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  • Translator: Jennifer Rubio

  • The last time that I used a flip phone

  • was three hours and 24 minutes ago.

  • This is my phone. It flips open like so.

  • A lot of people might call this flip phone design, an "old phone,"

  • as someone at the airport security called it.

  • I was like "No, I just bought this!"

  • I just got my first phone ever this September,

  • just four months ago, when I had to get a phone,

  • because I was going off to college, and I needed to make long distance calls.

  • Let's get this straight for a minute.

  • I'm 18 years old, and I've never had a phone.

  • And I've been very privileged to live

  • on the beautiful island of Vancouver Island

  • where everyone there basically has phones,

  • that means I lived through all of high school and middle school

  • without a phone.

  • Carrying around a flip phone is not conventionally considered nowadays

  • as being a "cool kid," but I'm here to tell you today

  • that carrying a flip phone at the age of 18

  • definitely defines you as a "cool kid."

  • So, my name is Ann Makosinski; I'm 18 years old; I'm from Canada.

  • And I suppose you could call me an inventor.

  • It's actually funny because when I was a kid,

  • I actually identified with the term "differentist,"

  • which was something that I made up,

  • which is where I just wanted to be different,

  • and even though it may not appear that I am a "differentist" nowadays -

  • I dress like everyone else, I talk like everyone else -

  • I was actually almost, in a way, trained from the get-go to be different.

  • So how was I trained "to be different" as a kid,

  • was that my parents never gave me that many toys at all.

  • I didn't have a Tamagotchi, a Nintendo, a Wii, an Xbox, nothing.

  • What they gave me, however, was a hot glue gun,

  • and I had to make my own toys.

  • That's where the first area of me was almost being put in a position,

  • or almost forced to be in a position where I had to be creative

  • in solving one of the first problems you ever have as a kid

  • which is how to keep yourself entertained.

  • (Video) Ann Makosinski: This invention was my second invention,

  • and it is called "Creation."

  • The one I just showed you is called "Invention"

  • because that's the first one I made.

  • Now this one: you see this flat one?

  • It's posed, so he can sit down on him.

  • Or I can sit down on him, Creation.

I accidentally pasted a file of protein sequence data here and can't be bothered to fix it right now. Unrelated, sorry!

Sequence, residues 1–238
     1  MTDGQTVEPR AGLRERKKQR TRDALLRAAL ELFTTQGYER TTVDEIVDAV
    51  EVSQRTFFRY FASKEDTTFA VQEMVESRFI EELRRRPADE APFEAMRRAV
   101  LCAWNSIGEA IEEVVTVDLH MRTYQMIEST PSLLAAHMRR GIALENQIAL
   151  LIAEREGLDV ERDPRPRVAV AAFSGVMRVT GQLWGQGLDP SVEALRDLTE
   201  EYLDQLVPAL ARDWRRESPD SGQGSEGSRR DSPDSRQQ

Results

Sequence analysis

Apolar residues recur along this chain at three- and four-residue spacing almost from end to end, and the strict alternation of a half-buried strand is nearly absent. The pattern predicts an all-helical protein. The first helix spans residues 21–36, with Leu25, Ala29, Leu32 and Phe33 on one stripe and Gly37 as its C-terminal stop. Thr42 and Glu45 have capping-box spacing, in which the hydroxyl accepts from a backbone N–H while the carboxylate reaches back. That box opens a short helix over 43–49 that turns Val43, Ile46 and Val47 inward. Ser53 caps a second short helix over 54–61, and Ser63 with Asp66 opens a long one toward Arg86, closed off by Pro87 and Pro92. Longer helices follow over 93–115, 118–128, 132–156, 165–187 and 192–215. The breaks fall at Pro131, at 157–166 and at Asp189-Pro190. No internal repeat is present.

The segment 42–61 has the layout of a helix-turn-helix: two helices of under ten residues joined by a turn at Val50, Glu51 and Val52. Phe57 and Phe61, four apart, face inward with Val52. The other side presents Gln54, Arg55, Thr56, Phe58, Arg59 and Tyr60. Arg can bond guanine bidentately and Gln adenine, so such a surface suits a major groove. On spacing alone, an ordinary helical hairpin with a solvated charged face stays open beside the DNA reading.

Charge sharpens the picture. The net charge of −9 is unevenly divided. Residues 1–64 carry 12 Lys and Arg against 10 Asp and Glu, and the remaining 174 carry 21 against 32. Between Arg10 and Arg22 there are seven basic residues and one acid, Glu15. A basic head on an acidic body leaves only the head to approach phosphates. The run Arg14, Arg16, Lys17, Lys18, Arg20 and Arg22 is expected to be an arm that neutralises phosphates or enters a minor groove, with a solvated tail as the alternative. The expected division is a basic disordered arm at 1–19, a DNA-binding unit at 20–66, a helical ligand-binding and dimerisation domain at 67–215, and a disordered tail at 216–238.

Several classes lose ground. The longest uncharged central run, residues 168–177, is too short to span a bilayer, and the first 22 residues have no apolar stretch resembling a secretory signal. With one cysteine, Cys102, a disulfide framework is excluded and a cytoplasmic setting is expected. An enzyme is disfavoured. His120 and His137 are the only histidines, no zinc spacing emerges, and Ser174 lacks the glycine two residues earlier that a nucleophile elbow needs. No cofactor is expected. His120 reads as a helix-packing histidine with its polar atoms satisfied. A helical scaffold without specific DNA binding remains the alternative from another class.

• But I don't sit very long because he can break.

  • (On stage) AM: That was my first experience with creating things.

  • Other than not being given that many toys,

  • some toys that I was given were a bit odd compared to my friends' toys

  • and actually here's a photo of me playing with my first set of toys

  • which was a box of transistors and electronic components.

  • It was really from the start here

  • that I was introduced to the world of making things with my hands,

  • which I feel is a skill that's almost being lost in some areas nowadays

  • as actually becoming quite high in demand for jobs

  • if you can actually do things instead of typing all the time.

  • So, I was always making things and being engaged.

  • As a kid, I wasn't allowed out very much on playdates and things like that,

  • until I had finished all my chores and practiced my piano -

  • I'm sure lots of you can relate.

  • My parents came from different backgrounds.

  • One was from Poland and the other from the Philippines.

  • It's funny because a lot of parents come up to me

  • and they're genuinely very concerned

  • about whether they should give their kids toys or not.

  • What I generally advise - not that I'm an expert -

  • is that if as long as you don't give your kid this many toys,

  • I think you'll be okay, but what I found was that creativity, for me,

  • and making things was born out of a necessity,

  • because I didn't have that many things to play with.

  • I really think it's important to encourage your kids

  • because I know as parents you want to give your kids the world,

  • to give them everything you have.

  • My dad was a skateboarder back in the day, and when I was, I think 13 or 14,

  • I was like, "Oh well, I want to learn how to skateboard and be cool."

  • And I was just given a skateboard.

  • It is still sitting in my room in the corner,

  • and I have never touched it.

  • What happened was that I was just like,

  • "Cool! I got a skateboard, I can skateboard now," and I just left it.

  • If I had been given, for example, just the wheels,

  • and then I had to get a little job, and work for it,

  • do chores around the house, get an allowance, save up,

  • design the board and then put it all together,

  • I would have valued that whole experience so much more

  • that I would actually probably be a pro skateboarder by now

  • or something like that.

  • So I think it's really important when you're in your younger years

  • for people to encourage you in your passions

  • but not to give you everything to give you that head start.

  • Because I wasn't given many toys, I got entertained by almost anything.

  • I think I'm smelling a rock here, I was a pretty insightful kid.

  • I have to be honest with you and say

  • that I'm not very "culturally" educated in some aspects.

  • For example, I was brought up watching a lot of 1920s and 1930s films.

  • I've never watched Star Wars or Star Trek.

  • Don't kill me, it's just not something that I've watched.

  • For some reason, this fact of just not having a phone, as a teenager,

  • limited my time talking with people.

  • But I never felt like, "Oh my God, I'm missing out by not having a phone."

  • And, as some teenagers here may know, it's called "FOMO,"

  • which is: Fear Of Missing Out.

  • I never had that because I was so content with what I was given

  • and how much more I had to pursue.

  • So, what did I do in my spare time?

  • Well, when I was in middle school,

  • I was definitely not what you would consider a "cool kid."

  • I was not the person who would be like, "I also want to hang out with them."